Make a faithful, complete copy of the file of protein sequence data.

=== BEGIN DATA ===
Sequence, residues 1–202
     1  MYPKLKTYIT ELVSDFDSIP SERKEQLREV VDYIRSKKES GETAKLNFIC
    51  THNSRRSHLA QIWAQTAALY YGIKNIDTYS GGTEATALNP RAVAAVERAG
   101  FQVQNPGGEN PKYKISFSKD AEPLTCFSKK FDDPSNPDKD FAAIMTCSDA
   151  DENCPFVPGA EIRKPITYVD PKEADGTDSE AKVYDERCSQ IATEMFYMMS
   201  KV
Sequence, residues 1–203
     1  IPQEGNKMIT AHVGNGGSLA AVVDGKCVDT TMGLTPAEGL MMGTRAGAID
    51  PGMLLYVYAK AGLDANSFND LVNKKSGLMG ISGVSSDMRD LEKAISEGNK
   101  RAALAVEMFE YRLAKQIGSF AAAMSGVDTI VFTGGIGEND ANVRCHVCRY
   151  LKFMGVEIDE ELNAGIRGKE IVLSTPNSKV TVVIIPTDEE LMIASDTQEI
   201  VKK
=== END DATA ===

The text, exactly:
Sequence, residues 1–202
     1  MYPKLKTYIT ELVSDFDSIP SERKEQLREV VDYIRSKKES GETAKLNFIC
    51  THNSRRSHLA QIWAQTAALY YGIKNIDTYS GGTEATALNP RAVAAVERAG
   101  FQVQNPGGEN PKYKISFSKD AEPLTCFSKK FDDPSNPDKD FAAIMTCSDA
   151  DENCPFVPGA EIRKPITYVD PKEADGTDSE AKVYDERCSQ IATEMFYMMS
   201  KV
Sequence, residues 1–203
     1  IPQEGNKMIT AHVGNGGSLA AVVDGKCVDT TMGLTPAEGL MMGTRAGAID
    51  PGMLLYVYAK AGLDANSFND LVNKKSGLMG ISGVSSDMRD LEKAISEGNK
   101  RAALAVEMFE YRLAKQIGSF AAAMSGVDTI VFTGGIGEND ANVRCHVCRY
   151  LKFMGVEIDE ELNAGIRGKE IVLSTPNSKV TVVIIPTDEE LMIASDTQEI
   201  VKK